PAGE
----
When the Food and Drug Administration said this past week it will try to limit sales of flavored vapes to teenagers and will start the lengthy process of banning menthol flavored cigarettes, it sounded to many like a firm crackdown.
But anti-tobacco advocates know the agency faces an uphill battle against an experienced and determined set of industries. The tobacco companies have decades of practice in fighting off challenges to their marketing practices and even though tobacco is the single biggest killer globally, it remains legal everywhere.
With this week’s announcement, the agency threw the gauntlet down to three large industries: traditional Big Tobacco, a growing e-cigarette industry, and retailers. All can be expected to push back.
“I never underestimate the power of the industry,” said Gregg Haifley of the American Cancer Society Cancer Action Network, the lobbying arm of the American Cancer Society.
While anti-smoking advocacy groups all welcomed the FDA’s announcements, many expressed doubt about whether the proposals go far enough and about whether the FDA will be able to pull them off. And the industry rolled out its lawyers immediately.
Tobacco giant Reynolds American issued a not-so-veiled threat immediately after FDA released its statements Thursday, saying any proposal to ban menthol cigarettes would “be subject to judicial review.”
Murray Garnick, general counsel and executive vice president of Altria Group, noted that the FDA must jump through several hoops to stop the use of menthol in cigarettes and to limit the sale of flavored vaping products. “We continue to believe that a total ban on menthol cigarettes or flavored cigars would be an extreme measure not supported by the science and evidence,” Garnick said in a statement.
“We expect that establishing product standards on menthol cigarettes and flavored cigars will be a multi-year, deliberative process, and we will be fully engaged throughout.”
The National Association of Convenience Stores also expressed skepticism about the FDA’s proposal that it can make retailers separate sales of flavored vape products to make them harder for teens to buy. “We urge the FDA to share any information they have demonstrating that its proposal will improve age verification on e-cigarette sales,” the group’s Lyle Beckwith said.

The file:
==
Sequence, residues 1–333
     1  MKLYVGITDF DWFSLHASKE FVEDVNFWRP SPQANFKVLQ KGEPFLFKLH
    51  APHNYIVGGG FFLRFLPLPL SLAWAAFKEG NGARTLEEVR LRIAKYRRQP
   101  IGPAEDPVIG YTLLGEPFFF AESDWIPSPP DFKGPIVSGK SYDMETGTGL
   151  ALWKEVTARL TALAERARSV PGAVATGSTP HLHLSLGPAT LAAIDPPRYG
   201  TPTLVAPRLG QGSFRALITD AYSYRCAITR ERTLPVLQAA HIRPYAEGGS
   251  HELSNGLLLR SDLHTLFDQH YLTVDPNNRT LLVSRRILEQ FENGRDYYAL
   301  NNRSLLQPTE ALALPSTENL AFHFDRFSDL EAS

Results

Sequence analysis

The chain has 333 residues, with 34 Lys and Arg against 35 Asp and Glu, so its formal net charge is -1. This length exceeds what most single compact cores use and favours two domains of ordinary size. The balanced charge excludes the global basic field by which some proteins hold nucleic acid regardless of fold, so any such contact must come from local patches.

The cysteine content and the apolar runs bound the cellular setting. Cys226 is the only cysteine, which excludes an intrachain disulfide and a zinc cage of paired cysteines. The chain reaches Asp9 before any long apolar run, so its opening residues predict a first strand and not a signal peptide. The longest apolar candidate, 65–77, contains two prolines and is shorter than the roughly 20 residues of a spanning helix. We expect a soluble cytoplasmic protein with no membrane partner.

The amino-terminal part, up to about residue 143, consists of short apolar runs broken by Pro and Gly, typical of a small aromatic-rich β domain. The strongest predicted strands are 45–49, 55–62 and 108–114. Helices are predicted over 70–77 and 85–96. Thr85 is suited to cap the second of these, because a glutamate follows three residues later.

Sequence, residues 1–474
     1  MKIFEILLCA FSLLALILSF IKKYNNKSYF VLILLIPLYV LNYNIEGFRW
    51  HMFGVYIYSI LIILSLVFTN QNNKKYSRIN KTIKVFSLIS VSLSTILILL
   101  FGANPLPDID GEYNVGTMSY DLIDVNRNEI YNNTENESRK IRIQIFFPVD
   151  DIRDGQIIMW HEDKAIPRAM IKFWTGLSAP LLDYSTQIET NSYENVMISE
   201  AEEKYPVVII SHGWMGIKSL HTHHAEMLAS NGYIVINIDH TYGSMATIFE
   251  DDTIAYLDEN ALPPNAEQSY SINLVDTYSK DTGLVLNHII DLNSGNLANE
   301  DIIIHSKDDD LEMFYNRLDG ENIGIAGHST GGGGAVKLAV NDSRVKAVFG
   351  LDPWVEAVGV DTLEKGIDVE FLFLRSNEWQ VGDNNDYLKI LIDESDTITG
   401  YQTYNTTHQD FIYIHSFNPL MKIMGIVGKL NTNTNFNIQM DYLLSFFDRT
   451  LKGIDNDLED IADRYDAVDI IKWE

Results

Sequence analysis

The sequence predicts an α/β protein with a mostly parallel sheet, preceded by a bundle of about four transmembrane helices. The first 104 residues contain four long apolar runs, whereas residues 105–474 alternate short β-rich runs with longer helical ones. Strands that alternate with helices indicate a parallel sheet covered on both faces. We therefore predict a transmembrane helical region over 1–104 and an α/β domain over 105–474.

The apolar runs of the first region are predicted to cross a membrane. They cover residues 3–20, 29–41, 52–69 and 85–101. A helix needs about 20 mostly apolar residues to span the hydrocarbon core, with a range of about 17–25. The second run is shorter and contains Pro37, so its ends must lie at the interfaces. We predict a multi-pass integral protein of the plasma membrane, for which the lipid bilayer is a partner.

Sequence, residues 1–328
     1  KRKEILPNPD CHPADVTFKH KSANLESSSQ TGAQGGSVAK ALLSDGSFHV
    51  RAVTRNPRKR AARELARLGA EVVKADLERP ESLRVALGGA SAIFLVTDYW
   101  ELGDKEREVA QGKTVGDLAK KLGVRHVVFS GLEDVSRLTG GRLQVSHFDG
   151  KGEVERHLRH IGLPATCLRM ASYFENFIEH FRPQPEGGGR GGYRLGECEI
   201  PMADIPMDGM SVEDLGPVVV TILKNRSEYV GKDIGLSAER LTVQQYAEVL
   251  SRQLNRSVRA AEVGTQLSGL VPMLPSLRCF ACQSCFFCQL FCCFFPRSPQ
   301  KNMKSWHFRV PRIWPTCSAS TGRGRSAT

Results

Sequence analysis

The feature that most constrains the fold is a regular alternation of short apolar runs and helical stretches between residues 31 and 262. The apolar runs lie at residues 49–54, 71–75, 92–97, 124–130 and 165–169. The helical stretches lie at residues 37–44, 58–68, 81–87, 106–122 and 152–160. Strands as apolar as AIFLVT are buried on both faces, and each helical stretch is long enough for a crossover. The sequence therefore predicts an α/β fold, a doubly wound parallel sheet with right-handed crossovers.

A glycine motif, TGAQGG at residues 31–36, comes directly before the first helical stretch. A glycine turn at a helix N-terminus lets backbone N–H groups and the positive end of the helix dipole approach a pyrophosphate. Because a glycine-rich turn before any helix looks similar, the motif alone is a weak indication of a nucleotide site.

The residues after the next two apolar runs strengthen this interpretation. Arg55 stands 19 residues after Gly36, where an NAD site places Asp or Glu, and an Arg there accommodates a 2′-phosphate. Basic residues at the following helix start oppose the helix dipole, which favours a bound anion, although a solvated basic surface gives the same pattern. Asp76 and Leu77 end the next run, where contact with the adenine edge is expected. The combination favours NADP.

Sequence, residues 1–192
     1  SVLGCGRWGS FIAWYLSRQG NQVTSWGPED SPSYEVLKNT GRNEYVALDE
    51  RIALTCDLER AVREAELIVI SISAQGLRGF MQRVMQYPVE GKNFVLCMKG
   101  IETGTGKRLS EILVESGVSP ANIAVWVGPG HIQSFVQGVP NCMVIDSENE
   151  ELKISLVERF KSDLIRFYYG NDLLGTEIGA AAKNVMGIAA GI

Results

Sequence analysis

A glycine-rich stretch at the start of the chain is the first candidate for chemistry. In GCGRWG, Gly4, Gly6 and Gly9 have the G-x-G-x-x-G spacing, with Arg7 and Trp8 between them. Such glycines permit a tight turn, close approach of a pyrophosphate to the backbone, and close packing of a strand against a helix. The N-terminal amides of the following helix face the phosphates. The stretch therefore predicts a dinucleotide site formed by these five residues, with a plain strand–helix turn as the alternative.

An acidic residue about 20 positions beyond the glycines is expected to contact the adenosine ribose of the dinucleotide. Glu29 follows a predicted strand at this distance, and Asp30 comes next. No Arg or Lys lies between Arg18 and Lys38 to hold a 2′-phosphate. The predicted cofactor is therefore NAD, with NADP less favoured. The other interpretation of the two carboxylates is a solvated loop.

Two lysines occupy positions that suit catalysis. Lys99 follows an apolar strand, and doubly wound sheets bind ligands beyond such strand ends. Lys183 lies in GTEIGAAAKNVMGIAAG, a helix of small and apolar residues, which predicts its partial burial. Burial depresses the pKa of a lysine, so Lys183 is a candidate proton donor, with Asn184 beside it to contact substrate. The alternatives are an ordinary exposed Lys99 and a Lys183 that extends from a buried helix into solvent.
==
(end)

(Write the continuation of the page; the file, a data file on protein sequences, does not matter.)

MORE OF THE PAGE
It’s to be expected, Haifley said.
“Any time there’s a significant, meaningful effective proposal to curb their behavior or reduce people’s consumption of their product, they almost always turn to litigation to block, delay, obstruct,” he told NBC News.
“And of course the delays caused by litigation can take more than a decade, and every day that passes during that time sees smokers continuing to smoke and more smokers becoming addicted to their products.”
The same goes for vaping. While the industry and some supporters argue that e-cigarettes can be effective to help smokers reduce their use of deadly, combustible tobacco, advocates point out that the nicotine-heavy products are addicting a new generation. And they say vape products flavored with candy, fruit and other sweet tastes are aimed not at hardened smokers but at kids.
The FDA did not even get the power to regulate tobacco or tobacco products until 2009, when Congress passed the Family Smoking Prevention and Tobacco Control Act. It did not give the agency the authority to ban tobacco products outright, but did make some leeway for regulating new products.
Anti-smoking advocates felt the FDA fell down on the job almost right away when it failed to step out in front the of the then-embryonic electronic cigarette industry.
FDA did try calling e-cigarettes medical devices, which would have made for a more familiar route to forcing pre-marketing approval. But the tobacco companies challenged this and won in federal appeals courts, which said they should be regulated as tobacco products.